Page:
REPORT ON TOWNSHIP 53, RANGE 2, WEST OF THE FOURTH MERIDIAN
ACCESSIBILITY AND ROADS
This township is reached from either Kitscoty or Blackfoot. The former is 14 miles south and one mile west and the latter is 17 miles south. Well-travelled roads lead from either point. Kitscoty is the principal business place for the farmers of this township, although Lloydminster is with-in a reasonable distance.
The Canadian Pacific Railway has located a branch line between Edmonton and Lloydminster which passes through the southwest corner of this township. Construction work was begun on this line during 1924. When it is built and operating, shipping facilities will be greatly improved. The township is well supplied with roads, and all parts are accessible.
The village of Kitscoty, situated on the line of the Canadian National railways between Winnipeg and Edmonton, via Saskatoon and North Battleford, has a population of about 200, and all lines of business essential to the needs of a farming community are represented here. The shipping facilities are good and there are five elevators with a total capacity of 285,000 bushels of grain. There is a daily passenger and mail service to both cast and west, as well as a local mixed train to or from Edmonton each day.
The surface of the land in this township is generally good, being undulating, gently rolling, -and rolling. In the northerly one-third of the township there are, however, six or seven rough sections which are rolling to heavily rolling.
Approximately one-fifth of the land is under cultivation. The remainder is open, with widely scattered bluffs of young poplar and willow, and a few bluffs with poplar to 4 inches in diameter.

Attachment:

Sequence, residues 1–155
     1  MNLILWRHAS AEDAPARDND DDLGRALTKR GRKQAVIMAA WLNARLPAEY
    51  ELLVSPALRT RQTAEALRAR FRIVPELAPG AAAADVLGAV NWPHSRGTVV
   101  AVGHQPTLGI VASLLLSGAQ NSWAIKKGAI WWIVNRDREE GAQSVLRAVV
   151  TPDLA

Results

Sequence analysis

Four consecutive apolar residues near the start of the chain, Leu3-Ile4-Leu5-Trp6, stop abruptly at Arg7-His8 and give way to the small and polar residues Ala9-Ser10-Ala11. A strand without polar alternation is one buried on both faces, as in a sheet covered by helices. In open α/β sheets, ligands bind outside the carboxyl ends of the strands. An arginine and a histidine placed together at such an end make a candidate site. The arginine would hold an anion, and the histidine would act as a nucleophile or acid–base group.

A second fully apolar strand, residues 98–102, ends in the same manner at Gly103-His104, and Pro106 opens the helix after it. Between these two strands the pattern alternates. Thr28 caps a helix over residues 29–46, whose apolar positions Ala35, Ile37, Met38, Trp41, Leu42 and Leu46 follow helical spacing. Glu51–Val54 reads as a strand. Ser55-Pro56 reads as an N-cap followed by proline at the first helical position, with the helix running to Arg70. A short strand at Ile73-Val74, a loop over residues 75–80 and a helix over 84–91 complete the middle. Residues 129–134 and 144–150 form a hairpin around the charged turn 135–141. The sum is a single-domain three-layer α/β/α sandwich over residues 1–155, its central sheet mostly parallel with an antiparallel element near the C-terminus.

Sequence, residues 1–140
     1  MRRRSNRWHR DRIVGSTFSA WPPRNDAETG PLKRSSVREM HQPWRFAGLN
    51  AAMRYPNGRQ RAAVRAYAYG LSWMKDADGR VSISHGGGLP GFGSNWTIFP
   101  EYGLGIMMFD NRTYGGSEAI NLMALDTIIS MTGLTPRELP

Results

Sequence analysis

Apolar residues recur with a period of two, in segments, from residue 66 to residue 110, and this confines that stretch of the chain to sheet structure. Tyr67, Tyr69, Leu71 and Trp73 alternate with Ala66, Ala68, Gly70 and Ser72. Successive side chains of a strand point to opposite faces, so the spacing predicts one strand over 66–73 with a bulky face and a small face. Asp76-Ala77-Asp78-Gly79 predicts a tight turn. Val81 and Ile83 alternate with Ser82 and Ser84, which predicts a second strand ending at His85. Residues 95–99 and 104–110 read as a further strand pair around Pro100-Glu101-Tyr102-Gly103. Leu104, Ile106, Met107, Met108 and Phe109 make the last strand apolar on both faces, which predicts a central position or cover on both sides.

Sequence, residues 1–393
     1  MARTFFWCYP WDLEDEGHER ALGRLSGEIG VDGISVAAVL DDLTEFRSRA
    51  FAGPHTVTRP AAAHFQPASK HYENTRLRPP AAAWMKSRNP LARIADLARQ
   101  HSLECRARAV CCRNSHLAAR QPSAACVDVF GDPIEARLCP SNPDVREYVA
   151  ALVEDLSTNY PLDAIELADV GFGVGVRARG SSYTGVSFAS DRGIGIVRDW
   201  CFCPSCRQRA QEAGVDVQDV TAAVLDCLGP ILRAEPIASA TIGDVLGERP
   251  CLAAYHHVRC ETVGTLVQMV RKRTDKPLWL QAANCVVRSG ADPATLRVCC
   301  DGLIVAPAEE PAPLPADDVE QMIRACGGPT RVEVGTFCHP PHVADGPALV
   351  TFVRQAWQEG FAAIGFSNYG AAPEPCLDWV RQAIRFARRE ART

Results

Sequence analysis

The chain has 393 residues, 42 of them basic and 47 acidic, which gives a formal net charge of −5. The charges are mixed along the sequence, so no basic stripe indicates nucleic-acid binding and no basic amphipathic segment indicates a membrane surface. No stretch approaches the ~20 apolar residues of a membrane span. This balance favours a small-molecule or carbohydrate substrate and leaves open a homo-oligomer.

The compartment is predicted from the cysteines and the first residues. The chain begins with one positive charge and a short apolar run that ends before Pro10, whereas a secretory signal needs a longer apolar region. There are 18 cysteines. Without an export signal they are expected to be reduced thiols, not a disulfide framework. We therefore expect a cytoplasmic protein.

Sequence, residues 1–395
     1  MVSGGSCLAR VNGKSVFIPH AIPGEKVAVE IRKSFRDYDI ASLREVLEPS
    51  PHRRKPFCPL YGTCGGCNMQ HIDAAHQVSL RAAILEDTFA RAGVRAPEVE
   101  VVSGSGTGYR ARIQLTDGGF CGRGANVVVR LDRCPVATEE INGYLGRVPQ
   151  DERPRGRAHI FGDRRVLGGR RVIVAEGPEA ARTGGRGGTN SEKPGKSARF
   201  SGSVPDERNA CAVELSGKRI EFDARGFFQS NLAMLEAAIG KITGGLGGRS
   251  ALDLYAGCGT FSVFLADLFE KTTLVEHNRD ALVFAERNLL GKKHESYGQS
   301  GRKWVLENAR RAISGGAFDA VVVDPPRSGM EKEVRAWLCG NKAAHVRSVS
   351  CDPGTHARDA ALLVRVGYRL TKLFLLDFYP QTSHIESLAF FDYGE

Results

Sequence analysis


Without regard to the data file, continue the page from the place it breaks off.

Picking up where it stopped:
DRAINAGE AND WATER
The most important drainage is by a stream which flows intermittently toward the northwest through sections 2, 11, 10, 16, 21, 29, and 31. It drains about two-thirds of the township, and is in a broad, open valley 200 feet deep and about 3 miles in width. Good water is secured from wells, most of which range in depth from 70 to 125 feet.
On the northeast half of the township, the predominating soil of black fine sandy loam from 6 to 10 inches in depth is interspersed with areas of clay loam and clay, and there are many stony ridges. In sections 3, 4, 5, 6, and parts of s6ctions 7, 8, 9, 18, 19, 30, -the soil is black fine sandy loam with scattered areas of black loam, and with clay or clay loam subsoil. The remainder of the township has mixed areas of black fine sandy loam and black sandy loam.
The settlement of this township was begun in 1905. At present about two-thirds of the land is occupied. A Provincial Government telephone system has been constructed through the southerly part of the township, and .many farmers enjoy the use of this service. The settlers are English-speaking and most of them are of Canadian or American origin.
CROPS AND STOCK
Wheat and oats are the chief grains grown while oat greenfeed is the principal fodder crop. Barley and rye are grown to a limited extent and are used for feed. Mixed farming is engaged in by most of the settlers, hogs, cattle, and horses being raised. Dairying is found profitable by many.
HAY AND WINTER FEED
A limited amount of hay is secured from the lowlands, dried-up sloughs and upland prairie. The most important winter feed is, however, oat greenfeed, oat bundles, and straw.
Wood is used for fuel, a limited amount of which is obtained from the poplar bluffs within the township, and the remainder from the township to the north.
SCHOOL AND POST OFFICES
The schools each have but one teacher and are well attended. They are situated at the southwest comer of section 4, the northeast corner of section 23, and the northwest comer of section 29. The post offices are Belleamp and Tring.
R. H. KNIGHT,
Dominion Land Surveyor.